Adding to the disfavor in real estate and housing, the National Association of Realtor’s projection for existing home sales (resales) in November was just as ugly (if not more so) as home construction estimates. Resales were down a rather steep 6.5% from October (SAAR’s), and were up only 2.1% compared to November 2013. I say “only” because the calendar has wound into what should have been very favorable comparisons as the prior year period is well into last year’s epic decline. For November 2014 to be essentially flat with November 2013 is not a good sign.
Had resales merely matched October, the Y/Y growth rate would have been just less than 9%, which was the average growth rate during the mini-bubble period. Perhaps this is a one-month aberration, but I am more than a little skeptical in that the “rebound” from last winter had clearly lost some momentum over the summer. If that wasn’t perfectly clear in the pace of existing home sales, then it was surely showing in the downswing trajectory of home price appreciation.
While the latest figures from S&P/Case-Shiller are for September, there is no mistaking the inflection points in prices – October 2013 was the highest Y/Y pace of price acceleration. That month is prominent not for the government “shutdown” that occurred then, forming the basis of no end to ridiculous excuses about what was transpiring in housing, but because it was the very tail end of the pre-taper mortgage pipeline. After October 2013, the MBS market went into a coma. Despite constant optimism in commentary this year, it still has not emerged.
The problem for the real estate market in 2014 is that the mortgage market is not making its return to the pre-taper state. While mortgage flow has been proportionally driven by refis in this “cycle”, the skim off of purchase activity has been rather severe in its own right.
The narrative about the Big 5 mortgage origination firms, listed on the chart above, is that they have re-entered the mortgage market and thus provide lift for the idea that housing is back on its prior upswing. It is certainly true that volume is much better in Q3 2014 than Q1 2014, but that isn’t the relevant standard or comparison. Originations at the Big 5 banks are up 35% in Q3 vs. Q1, but that only shows how bad Q1 actually sunk. Compared with Q2 2013, volume is still less than half even after this “robust rebound.”
Most of the decline in volume is attributable to the top two banks, JP Morgan and Wells Fargo. Neither of those firms have increased capacity this year despite the “narrative.”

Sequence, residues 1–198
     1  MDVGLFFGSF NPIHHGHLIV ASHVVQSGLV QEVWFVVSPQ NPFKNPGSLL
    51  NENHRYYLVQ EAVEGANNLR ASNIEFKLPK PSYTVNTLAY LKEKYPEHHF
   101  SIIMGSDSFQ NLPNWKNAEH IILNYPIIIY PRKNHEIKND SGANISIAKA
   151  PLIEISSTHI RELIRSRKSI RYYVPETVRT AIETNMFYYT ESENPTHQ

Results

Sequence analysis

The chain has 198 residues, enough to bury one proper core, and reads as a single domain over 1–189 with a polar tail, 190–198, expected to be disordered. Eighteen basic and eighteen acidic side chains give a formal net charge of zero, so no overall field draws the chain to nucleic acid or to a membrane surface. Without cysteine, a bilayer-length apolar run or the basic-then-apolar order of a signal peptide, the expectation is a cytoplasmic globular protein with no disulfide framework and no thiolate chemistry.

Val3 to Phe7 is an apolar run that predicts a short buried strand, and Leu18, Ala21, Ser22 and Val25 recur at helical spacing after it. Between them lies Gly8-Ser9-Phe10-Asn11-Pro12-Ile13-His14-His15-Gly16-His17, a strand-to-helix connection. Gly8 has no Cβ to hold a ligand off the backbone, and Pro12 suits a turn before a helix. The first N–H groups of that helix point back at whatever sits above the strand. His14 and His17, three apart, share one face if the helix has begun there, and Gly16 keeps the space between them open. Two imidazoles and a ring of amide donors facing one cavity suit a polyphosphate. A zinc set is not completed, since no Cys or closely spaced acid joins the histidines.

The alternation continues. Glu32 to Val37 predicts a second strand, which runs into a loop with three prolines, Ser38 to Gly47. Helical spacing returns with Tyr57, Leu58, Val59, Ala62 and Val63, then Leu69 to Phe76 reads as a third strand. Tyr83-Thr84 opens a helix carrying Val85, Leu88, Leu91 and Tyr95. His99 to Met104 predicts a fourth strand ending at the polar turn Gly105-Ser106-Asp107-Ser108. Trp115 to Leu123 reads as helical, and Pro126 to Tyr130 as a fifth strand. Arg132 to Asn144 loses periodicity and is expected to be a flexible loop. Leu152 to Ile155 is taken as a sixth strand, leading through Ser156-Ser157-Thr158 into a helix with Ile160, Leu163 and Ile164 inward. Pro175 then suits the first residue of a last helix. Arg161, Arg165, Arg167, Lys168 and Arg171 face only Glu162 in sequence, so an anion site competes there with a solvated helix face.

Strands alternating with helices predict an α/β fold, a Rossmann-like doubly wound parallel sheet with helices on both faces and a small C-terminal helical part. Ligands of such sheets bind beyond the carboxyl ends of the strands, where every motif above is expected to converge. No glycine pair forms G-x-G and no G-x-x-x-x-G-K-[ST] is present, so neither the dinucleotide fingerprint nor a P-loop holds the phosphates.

That doesn’t seem like a random occurrence, particularly as it relates to dealer capacity betrayal and interbank systems function. In other words, it was the biggest banks that were most badly burned in the taper selloff of mid-2013; and have yet to return. That affects not just the mortgage market but also intersystem liquidity for credit and funding, meaning that there is a supply problem in mortgage finance as these large firms are not dedicating resources to MBS or even originations (it goes without saying about how that created a vacuum in liquidity).
But the problems with mortgages include a decided lack of demand as well. Regardless of capacity for lending, which the GSE’s “decision” to loosen standards may be addressing a problem that doesn’t actually exist, the coincident movements in mortgage interest rates more than suggests that there is little appetite for real estate-related borrowing in 2014.
Conventional rates have been declining steadily with the flattening UST curve, and now sit well-inside the same rate range which produced nearly twice the mortgage volume in 2011 and 2012. It is a significant change in the basic element of mortgage finance that is being totally ignored. For “some” reason, people are reticent to borrow even though mortgage rates have fallen back well below 4% yet again.
While it is possible that demand will rise in the future as volume may lag interest rate dynamics, recent bank earnings reports show pipeline volume is not at all indicative of that interpretation. Wells Fargo’s pipeline heading into its fourth quarter is down significantly already despite this drop in interest rates.
Taken together with construction data, it’s as if most people in the US are quite pessimistic not just about borrowing in terms of mortgages in real estate, but in their own personal situation. Nobody, at the margins, seems to want to take out a mortgage or move out and into a new home. None of this conforms to the idea of the best economic climate in decades.